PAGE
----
StarTrackerVFX Visualises Composites with Dual-Render Workflow
In this image from a demo at IBC2018, in the screen on the right you can see the real-time render of the Xsens motion capture data animating an avatar.
Mo-Sys designed a virtual production workflow to use on set that combines its own camera tracking system StarTrackerVFX with live motion capture, a real-time game engine and ray-tracing render software. The resulting system makes it possible to visualise 3D scenes built in a game engine composited with 2D green screen elements, or 3D characters animated with motion capture data, with a high level of accuracy.
The motion of an actor performing in an Xsens motion capture suit on a green screen stage is captured into solving software, while simultaneously capturing the camera tracking data with Mo-Sys StarTrackerVFX. The camera and performance data is fed into the Unreal Engine 4 in real-time, and the shot is automatically re-rendered in real- or near-time in V-Ray raytracing render software from Chaos Group.
Each component of this workflow helps productions to pro-actively make decisions about using CG elements in their projects while they are still on set, instead of waiting find out what is possible during post-production.
Based on the original StarTracker camera tracking system, Mo-Sys' newer StarTrackerVFX used in this demo includes a direct plug-in for Unreal Engine that allows you to place your live-action elements or animated CG into photo-realistic environments, and has a chroma-keyer built-in for pre-visualisation. Specifically modified for virtual productions and VFX heavy shooting, it is useful for on-set visualisation, scene blocking in virtual worlds, data-recording and, as described in this article, it supports mocap integration.
Mo-Sys’ integration with V-Ray also makes the workflow more practical for virtual production by producing a more descriptive render. Projects with smaller budgets – such as TV series, commercials, corporate videos, architectural visualisations and independent films – can view a superior quality render in real- or near-time, in one simple workflow.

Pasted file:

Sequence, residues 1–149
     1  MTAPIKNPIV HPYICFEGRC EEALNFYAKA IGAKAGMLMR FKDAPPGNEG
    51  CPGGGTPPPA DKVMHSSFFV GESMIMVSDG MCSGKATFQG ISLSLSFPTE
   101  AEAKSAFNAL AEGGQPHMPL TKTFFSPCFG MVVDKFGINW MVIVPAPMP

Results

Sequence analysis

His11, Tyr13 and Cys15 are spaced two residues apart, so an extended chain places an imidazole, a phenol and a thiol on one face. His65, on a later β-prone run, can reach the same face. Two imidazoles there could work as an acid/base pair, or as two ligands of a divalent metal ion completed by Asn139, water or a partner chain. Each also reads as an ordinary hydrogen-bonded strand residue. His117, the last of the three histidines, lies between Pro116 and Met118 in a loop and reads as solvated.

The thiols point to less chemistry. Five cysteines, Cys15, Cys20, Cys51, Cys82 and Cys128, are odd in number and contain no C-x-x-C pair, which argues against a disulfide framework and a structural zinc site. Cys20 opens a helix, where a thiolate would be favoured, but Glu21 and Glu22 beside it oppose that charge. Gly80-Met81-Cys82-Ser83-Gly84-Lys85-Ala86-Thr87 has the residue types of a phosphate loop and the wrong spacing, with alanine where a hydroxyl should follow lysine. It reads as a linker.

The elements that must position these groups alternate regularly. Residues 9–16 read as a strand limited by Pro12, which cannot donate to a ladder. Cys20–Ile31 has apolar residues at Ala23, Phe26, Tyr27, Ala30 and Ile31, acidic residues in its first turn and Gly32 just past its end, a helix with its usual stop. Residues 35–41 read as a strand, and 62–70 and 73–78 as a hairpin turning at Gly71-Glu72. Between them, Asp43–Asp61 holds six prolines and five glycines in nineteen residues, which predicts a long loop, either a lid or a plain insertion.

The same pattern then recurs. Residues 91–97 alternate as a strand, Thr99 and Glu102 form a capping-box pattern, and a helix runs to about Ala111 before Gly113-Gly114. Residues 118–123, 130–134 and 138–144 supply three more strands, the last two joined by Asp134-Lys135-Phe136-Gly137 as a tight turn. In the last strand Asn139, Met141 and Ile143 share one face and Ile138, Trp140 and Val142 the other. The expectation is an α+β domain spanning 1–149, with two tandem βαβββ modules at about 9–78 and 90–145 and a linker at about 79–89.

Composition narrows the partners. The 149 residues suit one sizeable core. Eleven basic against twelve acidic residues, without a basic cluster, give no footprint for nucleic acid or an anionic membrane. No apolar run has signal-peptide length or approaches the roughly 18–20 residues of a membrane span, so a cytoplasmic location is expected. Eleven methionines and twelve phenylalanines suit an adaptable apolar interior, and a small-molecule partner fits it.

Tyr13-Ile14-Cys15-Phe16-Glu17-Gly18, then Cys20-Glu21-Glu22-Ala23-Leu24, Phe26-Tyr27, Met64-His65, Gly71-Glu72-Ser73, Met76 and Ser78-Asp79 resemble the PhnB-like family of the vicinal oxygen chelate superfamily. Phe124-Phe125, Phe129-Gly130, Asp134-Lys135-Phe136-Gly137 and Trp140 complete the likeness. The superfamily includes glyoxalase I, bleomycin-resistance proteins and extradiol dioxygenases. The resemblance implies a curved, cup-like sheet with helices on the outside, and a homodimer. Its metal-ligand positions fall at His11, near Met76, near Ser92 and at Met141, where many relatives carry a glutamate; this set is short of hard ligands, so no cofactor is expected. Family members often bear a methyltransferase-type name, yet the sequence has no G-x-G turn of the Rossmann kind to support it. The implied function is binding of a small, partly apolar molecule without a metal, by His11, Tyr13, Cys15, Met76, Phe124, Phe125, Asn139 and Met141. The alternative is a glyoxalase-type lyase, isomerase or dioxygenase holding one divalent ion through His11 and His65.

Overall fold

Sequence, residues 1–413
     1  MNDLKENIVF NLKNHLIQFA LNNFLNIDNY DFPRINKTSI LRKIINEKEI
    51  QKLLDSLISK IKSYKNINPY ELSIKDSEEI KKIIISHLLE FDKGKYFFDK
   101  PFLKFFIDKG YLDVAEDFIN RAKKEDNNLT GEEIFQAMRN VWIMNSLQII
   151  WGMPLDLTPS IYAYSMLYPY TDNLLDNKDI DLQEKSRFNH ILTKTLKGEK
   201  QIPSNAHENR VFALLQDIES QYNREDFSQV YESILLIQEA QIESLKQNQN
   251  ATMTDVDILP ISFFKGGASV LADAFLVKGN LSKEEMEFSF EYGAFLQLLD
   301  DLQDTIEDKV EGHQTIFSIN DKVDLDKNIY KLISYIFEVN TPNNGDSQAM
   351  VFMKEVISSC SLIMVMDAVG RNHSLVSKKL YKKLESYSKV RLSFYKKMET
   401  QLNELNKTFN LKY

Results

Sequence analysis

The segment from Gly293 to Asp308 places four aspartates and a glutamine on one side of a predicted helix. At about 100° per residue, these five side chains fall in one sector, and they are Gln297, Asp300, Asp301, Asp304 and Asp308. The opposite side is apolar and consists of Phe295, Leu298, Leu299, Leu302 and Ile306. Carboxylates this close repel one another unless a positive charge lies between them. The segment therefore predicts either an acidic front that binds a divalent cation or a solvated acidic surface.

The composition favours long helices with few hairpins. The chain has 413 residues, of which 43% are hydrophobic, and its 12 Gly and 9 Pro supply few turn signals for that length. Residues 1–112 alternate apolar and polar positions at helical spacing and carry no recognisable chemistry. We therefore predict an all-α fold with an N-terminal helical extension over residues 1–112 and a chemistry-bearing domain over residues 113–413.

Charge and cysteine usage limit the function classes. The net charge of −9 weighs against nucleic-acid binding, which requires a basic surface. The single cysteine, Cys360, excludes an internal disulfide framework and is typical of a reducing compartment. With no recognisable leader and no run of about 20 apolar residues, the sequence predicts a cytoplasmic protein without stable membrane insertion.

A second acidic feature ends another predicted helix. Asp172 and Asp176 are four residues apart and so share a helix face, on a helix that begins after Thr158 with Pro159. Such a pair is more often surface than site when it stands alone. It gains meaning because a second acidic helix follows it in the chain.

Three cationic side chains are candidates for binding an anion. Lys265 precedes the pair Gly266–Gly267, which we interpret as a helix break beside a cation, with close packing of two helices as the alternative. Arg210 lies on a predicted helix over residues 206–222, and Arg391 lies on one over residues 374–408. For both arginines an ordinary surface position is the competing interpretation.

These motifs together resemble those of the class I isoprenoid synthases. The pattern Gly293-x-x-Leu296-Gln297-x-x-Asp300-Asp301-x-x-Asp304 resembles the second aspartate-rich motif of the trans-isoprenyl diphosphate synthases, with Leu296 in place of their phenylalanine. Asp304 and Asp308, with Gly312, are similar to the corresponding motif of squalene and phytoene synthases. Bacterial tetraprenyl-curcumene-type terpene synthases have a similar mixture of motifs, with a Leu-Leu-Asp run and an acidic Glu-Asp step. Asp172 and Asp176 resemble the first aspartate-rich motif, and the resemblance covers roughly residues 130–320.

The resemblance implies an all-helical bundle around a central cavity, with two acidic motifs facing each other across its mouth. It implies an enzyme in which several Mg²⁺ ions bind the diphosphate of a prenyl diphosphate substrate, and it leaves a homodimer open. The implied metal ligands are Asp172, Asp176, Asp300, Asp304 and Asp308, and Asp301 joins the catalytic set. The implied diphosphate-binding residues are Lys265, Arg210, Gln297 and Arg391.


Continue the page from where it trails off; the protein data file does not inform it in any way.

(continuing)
Real-time Camera Tracking
The StarTracker hardware, which is fitted to the top of your camera, references small, identical retro-reflective stickers called 'stars' that are attached to the studio ceiling or overhead structures in a random pattern, at any height. A small LED light and sensor, mounted on the studio camera, shines light on the stars, each of which only directs light back to the sensor due its retro-reflectivity. Taken all together, these reflections define a very accurate star map that the StarTracker constantly refers to as it reports the position and orientation of the studio camera in real time to the external rendering engine. The stars' retro-reflectivity also prevents the mapping process from being affected by studio lighting.
StarTracker supports free camera movement and outputs the accurate position, rotation and lens data in real time. The camera operator can move to any position in the studio, as long as enough stars are in sight of the tracking camera. Since the tracking sensor points up instead of into the scene, the tracking is unaffected by studio conditions - moving objects, set or lighting changes, configurations, reflections and green screen sets.
Xsens motion capture suit and data.
Mapping and calibration only needs to be performed once - other cameras in the studio can track using the same the star map – and from there tracking proceeds automatically. Because StarTracker is always referencing itself to its star map, its position is absolute and does not drift.